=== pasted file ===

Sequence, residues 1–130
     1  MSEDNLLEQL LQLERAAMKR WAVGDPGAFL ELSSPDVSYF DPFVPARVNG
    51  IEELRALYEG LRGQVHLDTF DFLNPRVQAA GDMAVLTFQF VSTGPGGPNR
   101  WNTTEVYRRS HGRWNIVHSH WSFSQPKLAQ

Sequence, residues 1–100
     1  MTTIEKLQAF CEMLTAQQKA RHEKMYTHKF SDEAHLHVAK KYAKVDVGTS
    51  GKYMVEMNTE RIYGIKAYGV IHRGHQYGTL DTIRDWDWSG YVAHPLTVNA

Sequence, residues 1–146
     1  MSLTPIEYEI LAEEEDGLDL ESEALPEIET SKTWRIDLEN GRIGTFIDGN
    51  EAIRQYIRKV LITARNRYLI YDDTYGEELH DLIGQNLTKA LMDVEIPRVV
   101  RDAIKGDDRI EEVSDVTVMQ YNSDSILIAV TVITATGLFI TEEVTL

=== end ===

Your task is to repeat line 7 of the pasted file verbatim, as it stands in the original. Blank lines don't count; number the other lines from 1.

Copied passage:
    51  GKYMVEMNTE RIYGIKAYGV IHRGHQYGTL DTIRDWDWSG YVAHPLTVNA